The Under-$10 Item You Should Always Buy for Your Home, According to a Real Estate Agent

updated Jun 10, 2021
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Whether you’re preparing your house for sale or to be the backdrop for your next Zoom call, you’re not alone in wanting your space to make the best impression possible. Your home is an expression of you — but it’s also an expression of your budget.

So, we asked a real estate agent how to elevate the look and feel of the home for under $10. Kristi Ambrosetti, a senior global real estate advisor with Sotheby’s International Realty, recommends bringing the outdoors in. Studies have shown that plants can energize us, and let’s face it, they’re just plain nice to look at.

“People are nesting right now. And they’re trying to figure out how to give their homes a new feeling,” Ambrosetti says. At a time when many people are spending a lot of time at home, plants are a cost-effective way to add a sense of freshness, and a space-effective way to add visual flair.

Add a pop of color 

Ambrosetti refers to succulents as her “secret little weapon” when she’s preparing a home to list. Succulents require less water and sunlight than your traditional houseplant, so you have more latitude as to where to put them. 

When staging a surface, such as a coffee table or countertop, Ambrosetti likes to incorporate succulents. Aesthetically, their unique, angular shapes lend themselves well to modern home decor, and they can be a source of vibrancy and color. “You could have a really simple palette of neutral tones in your kitchen and your bathroom, and a succulent will add a pop of color,” she says. “They’re a really inexpensive item that gives the bathroom a spa-like feel. And they can lend color, warmth, and a homeyness to the kitchen.”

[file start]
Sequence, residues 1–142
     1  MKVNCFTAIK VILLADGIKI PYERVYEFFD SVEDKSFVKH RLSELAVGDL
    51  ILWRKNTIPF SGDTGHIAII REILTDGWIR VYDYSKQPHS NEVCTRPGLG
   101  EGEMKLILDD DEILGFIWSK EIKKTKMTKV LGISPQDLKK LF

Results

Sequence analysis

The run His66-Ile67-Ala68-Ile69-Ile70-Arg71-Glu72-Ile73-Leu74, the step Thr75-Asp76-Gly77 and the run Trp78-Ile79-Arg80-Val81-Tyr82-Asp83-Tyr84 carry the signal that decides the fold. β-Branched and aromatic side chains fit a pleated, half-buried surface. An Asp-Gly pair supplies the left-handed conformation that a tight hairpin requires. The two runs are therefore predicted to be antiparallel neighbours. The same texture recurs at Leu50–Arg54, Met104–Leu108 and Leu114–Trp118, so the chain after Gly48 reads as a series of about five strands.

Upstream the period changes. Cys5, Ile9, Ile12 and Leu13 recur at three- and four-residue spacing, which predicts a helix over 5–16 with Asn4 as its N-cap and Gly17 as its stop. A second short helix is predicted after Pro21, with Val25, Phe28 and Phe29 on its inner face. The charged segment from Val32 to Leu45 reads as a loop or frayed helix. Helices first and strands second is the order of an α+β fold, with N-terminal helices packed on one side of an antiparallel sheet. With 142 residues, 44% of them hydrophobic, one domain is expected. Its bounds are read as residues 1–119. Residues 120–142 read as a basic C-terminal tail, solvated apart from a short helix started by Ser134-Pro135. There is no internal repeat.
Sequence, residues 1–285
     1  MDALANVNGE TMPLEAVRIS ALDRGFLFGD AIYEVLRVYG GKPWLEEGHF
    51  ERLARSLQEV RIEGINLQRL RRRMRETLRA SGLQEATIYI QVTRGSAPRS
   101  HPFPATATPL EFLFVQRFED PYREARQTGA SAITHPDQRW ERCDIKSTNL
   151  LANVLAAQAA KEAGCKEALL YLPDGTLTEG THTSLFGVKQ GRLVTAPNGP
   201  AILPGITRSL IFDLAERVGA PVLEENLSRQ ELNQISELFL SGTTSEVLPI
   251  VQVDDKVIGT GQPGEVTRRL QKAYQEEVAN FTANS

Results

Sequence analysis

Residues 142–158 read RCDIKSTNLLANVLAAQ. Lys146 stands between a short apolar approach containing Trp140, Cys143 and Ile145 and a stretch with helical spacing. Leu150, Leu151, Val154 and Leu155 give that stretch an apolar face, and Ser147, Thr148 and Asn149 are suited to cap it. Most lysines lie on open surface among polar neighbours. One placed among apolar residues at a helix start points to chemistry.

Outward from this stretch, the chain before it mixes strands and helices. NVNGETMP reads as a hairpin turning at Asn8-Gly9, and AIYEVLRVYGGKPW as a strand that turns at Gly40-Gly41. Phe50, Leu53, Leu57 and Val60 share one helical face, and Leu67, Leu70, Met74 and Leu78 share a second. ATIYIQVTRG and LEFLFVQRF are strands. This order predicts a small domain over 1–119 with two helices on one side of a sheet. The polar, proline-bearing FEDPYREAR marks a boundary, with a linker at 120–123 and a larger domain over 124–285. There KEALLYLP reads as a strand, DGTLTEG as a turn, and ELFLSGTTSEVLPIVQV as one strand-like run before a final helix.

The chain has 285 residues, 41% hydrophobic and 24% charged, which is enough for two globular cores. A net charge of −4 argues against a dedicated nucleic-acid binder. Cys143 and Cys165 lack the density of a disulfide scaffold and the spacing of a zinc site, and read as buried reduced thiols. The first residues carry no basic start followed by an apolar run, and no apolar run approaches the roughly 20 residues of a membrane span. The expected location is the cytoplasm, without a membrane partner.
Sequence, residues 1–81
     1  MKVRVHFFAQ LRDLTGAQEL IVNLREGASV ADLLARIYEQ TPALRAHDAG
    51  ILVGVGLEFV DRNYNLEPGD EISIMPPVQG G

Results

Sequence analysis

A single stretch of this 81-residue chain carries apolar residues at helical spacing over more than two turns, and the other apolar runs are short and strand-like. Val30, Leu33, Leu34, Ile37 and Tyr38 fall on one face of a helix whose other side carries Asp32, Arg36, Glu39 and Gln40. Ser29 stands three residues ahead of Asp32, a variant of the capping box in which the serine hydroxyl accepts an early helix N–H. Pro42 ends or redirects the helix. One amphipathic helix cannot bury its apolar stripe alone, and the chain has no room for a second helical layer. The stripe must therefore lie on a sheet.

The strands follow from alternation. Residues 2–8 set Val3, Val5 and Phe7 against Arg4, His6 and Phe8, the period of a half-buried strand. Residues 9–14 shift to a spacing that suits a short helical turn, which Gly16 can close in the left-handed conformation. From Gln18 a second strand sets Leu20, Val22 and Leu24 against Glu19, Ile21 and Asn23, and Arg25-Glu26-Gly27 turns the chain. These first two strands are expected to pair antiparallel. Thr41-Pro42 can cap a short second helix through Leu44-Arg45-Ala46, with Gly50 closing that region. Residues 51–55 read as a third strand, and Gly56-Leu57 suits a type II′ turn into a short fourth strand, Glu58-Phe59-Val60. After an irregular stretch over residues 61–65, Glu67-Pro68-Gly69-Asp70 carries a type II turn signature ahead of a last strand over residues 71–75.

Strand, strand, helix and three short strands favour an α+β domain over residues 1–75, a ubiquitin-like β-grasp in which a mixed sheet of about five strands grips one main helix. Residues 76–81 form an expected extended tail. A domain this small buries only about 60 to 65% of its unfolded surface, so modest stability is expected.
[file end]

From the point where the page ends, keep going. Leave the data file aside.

A few go a long way

Though they can be purchased at varying price points, plants are widely regarded as affordable home decor. When shopping for plants, Ambrosetti recommends thinking in odd numbers

“Things in three are always aesthetically pleasing. So you could do three really small individual succulents — and they are two or three dollars a pop — or you could do a $10 succulent that is potted and would be larger,” she says. “That $10 budget can go a long way.”

Your thumb doesn’t have to be green.

“Succulents are little secret weapons for people who have aspirations to have live plants, but can’t necessarily nurture that relationship on a daily basis,” says Ambrosetti. “And they last a really long time.” 

If you’re lacking the plant gene, succulents aren’t your only option. For instance, snake plants require little watering, especially during the winter, and can thrive in low-light. Meanwhile, the Insta-famous ZZ plant, boasts succulent roots and is perfectly content in low-light conditions and with little watering. 

If you have the tendency to over or under water your plants, you can also invest in an self-watering system, such as an aqua globe, which gauges when your plant needs to be watered based on the oxygen it releases.

Where can you buy inexpensive plants?

Whole Foods always has great succulents, and surprisingly, they’re inexpensive,” says Ambrosetti. “Otherwise, you can always grab really inexpensive little pots from a dollar store or whatever the local shops are, buy the succulents yourself from your local nursery, and pot them yourself. They’re very inexpensive to do and it’s a fun little do-it-yourself project.”